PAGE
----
The Baroque Style in Art Forms and Its Influence on the European Art Scene


If one were to guess, what would come to minds of the many people when they hear the term 'baroque'? The answers would probably be dark, gloomy yet dramatic paintings, and dreary melodies played with string instruments. While these assumptions may reflect some truths, Baroque art is not limited to the paintings that have dark backgrounds, dramatic scenes, and 'random' skulls that are meticulously placed in the frame.


Saint Jerome Writing, 1606, oil on canvas. Galleria Borghes.

The term 'baroque' comes from Portuguese origin. The word 'barroco' means 'a flawed pearl' and it sparked an inspiration to name this art style. The erratic form of a pearl influenced people to give the name for the art style that emerged in the early 17th century. Artists started to seek new ways for artistic expression in the beginning of the 17th century and the style of Baroque has emerged with artists like Caravaggio, Ribera, and Velazquez. The Baroque style is, of course, not limited to paintings but includes architecture, sculpture, music, and even dance. It all started in Rome. Then, the Baroque style began to spread across Europe, which then influences more artists of this style for some time until the middle of the 18th century. In every country, different manifestations of Baroque style were observed because of different political and cultural states in each country.





Benoist, 2019, Queluz National Palace [Photograph]. Creative Commons.

The era in which the pieces were created surely plays a huge role in identifying whether or not the style it possesses is considered to be ‘baroque,’ as Baroque has greatly influenced the art scene in Europe between the years of 1600 and 1740 greatly. However, there are other important characteristics particular to the Baroque style that may help in the way of differentiating it. One of the important factors that have affected the art scene within the era was the Catholic Church’s role. The baroque style was encouraged by the Catholic Church at that time, due to counter-reformation movement that is held by the church itself as a reaction for the reformation started by Martin Luther. This movement allowed great religiously-affected paintingsa very famous one being Andrea Pozzo’s ceiling painting in Church of Sant'Ignazio in Rome.


Caravaggio, Judith Beheading Holofernes, 1602, oil on canvas. Galleria Borges.

When one is describing the characteristics of the Baroque-style paintings (although it showed changes from country to country across Europe), it can be said that most paintings clearly displayed emotions. They include facial expressions and/or motions reflected in a emotionally-touching manner. The incredible detailing of the scene is one of the other properties. The dramatic scenes were made to appeal to people’s emotions. The ability of the Baroque artists to paint shadows in excellence allows there to be contrast between light and dark, which makes the paintings even more captivating and displaying of the facial expressions more emotional.


With the emergence of this style, art has reached to more common people with the support of the Church. The Roman Catholic Church laid their views after the Council of Trent (1545-1563) that the art must reach to more common people to invoke their faith in the Church. After that, more emotionally charged and dramatic art started to show itself in architecture, music, and paintings. The aim of the beautiful paintings, architecture, and paintings on the church ceilings was to stimulate the faith and devotion to the divine and to the Church. Baroque art were not only favored by the Church but by the royals as well. Kings and queens has built glorious palaces with Baroque-style architecture to display power and glory. The Palace of Versailles may be counted as an example for this tendency.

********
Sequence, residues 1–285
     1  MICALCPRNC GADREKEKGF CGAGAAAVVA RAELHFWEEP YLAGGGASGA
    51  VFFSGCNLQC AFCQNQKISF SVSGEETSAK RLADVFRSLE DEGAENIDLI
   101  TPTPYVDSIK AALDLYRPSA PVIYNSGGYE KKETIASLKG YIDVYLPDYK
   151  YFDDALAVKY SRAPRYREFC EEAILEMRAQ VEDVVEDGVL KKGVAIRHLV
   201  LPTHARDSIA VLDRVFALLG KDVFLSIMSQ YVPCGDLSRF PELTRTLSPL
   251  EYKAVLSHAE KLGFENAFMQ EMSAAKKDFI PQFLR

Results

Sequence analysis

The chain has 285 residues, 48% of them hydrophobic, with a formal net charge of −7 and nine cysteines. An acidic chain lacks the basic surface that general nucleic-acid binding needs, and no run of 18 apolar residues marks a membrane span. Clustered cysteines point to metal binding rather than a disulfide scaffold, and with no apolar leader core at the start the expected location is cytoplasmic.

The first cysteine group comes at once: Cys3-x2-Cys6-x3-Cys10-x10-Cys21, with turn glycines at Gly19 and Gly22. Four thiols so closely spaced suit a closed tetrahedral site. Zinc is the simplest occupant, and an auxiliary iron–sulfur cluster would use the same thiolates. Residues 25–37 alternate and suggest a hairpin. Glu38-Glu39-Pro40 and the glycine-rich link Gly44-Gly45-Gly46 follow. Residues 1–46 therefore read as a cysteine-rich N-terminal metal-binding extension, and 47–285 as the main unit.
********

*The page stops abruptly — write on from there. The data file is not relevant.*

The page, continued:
The Lamentation over St. Sebastian, oil on canvas by Georges de La Tour, 1645; Courtesy the Staatliche Museen Preussischer Kulturbesitz, Berlin. 1.6 × 1.3 m.

All-in-all, Baroque style had a dominating influence in the 17th century in most of the artistic fields such as painting, music, sculpture, and even dance. Artists have kept on displaying dramatic, gloomy, mostly spiritual pieces with this unique style. To this day, Baroque style has been associated with melancholy by many people due to its characteristics. However, it is a limiting way to describe the era as many pieces were created, and many variations have been created from country to country.




References

  • Buchholz, E.L.&Bühler, G.&Hille,K. Başvuru Kitapları: Sanat , NTV Publications.

  • Chisholm, Hugh, (Ed.) (1911). "Baroque". Encyclopædia Britannica (11th edition). Cambridge University Press.

  • Kuipar, kathleen, Zelazko, A., & Blumberg, N. (1998, July 20). Baroque art and architecture. Encyclopædia Britannica. Retrieved September 27, 2021, from www.britannica.com/art/Baroque-art-and-architecture.

  • LumenCandela. (2021). Boundless art history. Lumen. Retrieved September 27, 2021, from https://courses.lumenlearning.com/boundless-arthistory/chapter/the-baroque-period/


Image Resources

  • Benoist, J.-C. (2019, April 6). Queluz National Palace [Photograph]. Creative Commons. https://creativecommons.org/licenses/by/4.0/deed.en

  • Caravaggio. (1606). Saint Jerome Writing [Painting]. oil on canvas. Galleria Borges. https://borghese.gallery/collection/paintings/saint-jerome-writing.html

  • De La Tour, G. (1645). Georges de La Tour: The Lamentation over St. Sebastian [Painting]. Encyclopædia Britannica. www.britannica.com/art/Baroque-art-and-architecture#/media/1/53809/36233 .

  • National Gallery of Art Rome, & Caravaggio. (1599). Judith Beheading Holofernes [Painting]. Retrieved 27.09.2021 from İdil Magazine, Vol.7, issue 42. DOI: 10.7816 /idil-07-42-11 .


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